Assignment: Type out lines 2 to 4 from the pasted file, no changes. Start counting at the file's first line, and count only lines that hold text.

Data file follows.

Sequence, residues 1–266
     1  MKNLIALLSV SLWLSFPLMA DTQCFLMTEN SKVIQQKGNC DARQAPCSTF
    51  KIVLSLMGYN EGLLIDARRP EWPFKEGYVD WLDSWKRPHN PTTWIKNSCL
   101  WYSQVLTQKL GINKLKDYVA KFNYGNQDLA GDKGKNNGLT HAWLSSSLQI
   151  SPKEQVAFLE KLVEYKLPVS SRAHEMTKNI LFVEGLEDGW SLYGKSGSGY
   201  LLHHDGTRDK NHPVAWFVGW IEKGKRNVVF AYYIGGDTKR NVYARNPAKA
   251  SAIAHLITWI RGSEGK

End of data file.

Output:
     1  MKNLIALLSV SLWLSFPLMA DTQCFLMTEN SKVIQQKGNC DARQAPCSTF
    51  KIVLSLMGYN EGLLIDARRP EWPFKEGYVD WLDSWKRPHN PTTWIKNSCL
   101  WYSQVLTQKL GINKLKDYVA KFNYGNQDLA GDKGKNNGLT HAWLSSSLQI